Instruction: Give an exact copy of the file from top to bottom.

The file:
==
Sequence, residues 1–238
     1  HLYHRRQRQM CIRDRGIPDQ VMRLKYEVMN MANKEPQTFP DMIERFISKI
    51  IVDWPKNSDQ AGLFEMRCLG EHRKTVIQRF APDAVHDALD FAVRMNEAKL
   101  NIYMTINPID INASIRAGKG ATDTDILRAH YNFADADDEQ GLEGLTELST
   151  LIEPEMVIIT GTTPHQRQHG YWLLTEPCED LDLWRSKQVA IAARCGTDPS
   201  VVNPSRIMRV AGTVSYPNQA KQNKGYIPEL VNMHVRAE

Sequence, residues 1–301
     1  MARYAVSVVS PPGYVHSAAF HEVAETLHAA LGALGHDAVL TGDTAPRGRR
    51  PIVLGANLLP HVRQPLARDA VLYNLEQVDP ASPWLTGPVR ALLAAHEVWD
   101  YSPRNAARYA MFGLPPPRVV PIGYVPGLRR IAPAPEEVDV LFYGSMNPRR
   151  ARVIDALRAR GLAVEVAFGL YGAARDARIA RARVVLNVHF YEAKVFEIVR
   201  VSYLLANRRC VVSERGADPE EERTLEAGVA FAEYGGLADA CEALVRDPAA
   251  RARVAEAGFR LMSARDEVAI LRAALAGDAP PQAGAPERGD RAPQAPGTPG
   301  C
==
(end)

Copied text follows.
Sequence, residues 1–238
     1  HLYHRRQRQM CIRDRGIPDQ VMRLKYEVMN MANKEPQTFP DMIERFISKI
    51  IVDWPKNSDQ AGLFEMRCLG EHRKTVIQRF APDAVHDALD FAVRMNEAKL
   101  NIYMTINPID INASIRAGKG ATDTDILRAH YNFADADDEQ GLEGLTELST
   151  LIEPEMVIIT GTTPHQRQHG YWLLTEPCED LDLWRSKQVA IAARCGTDPS
   201  VVNPSRIMRV AGTVSYPNQA KQNKGYIPEL VNMHVRAE

Sequence, residues 1–301
     1  MARYAVSVVS PPGYVHSAAF HEVAETLHAA LGALGHDAVL TGDTAPRGRR
    51  PIVLGANLLP HVRQPLARDA VLYNLEQVDP ASPWLTGPVR ALLAAHEVWD
   101  YSPRNAARYA MFGLPPPRVV PIGYVPGLRR IAPAPEEVDV LFYGSMNPRR
   151  ARVIDALRAR GLAVEVAFGL YGAARDARIA RARVVLNVHF YEAKVFEIVR
   201  VSYLLANRRC VVSERGADPE EERTLEAGVA FAEYGGLADA CEALVRDPAA
   251  RARVAEAGFR LMSARDEVAI LRAALAGDAP PQAGAPERGD RAPQAPGTPG
   301  C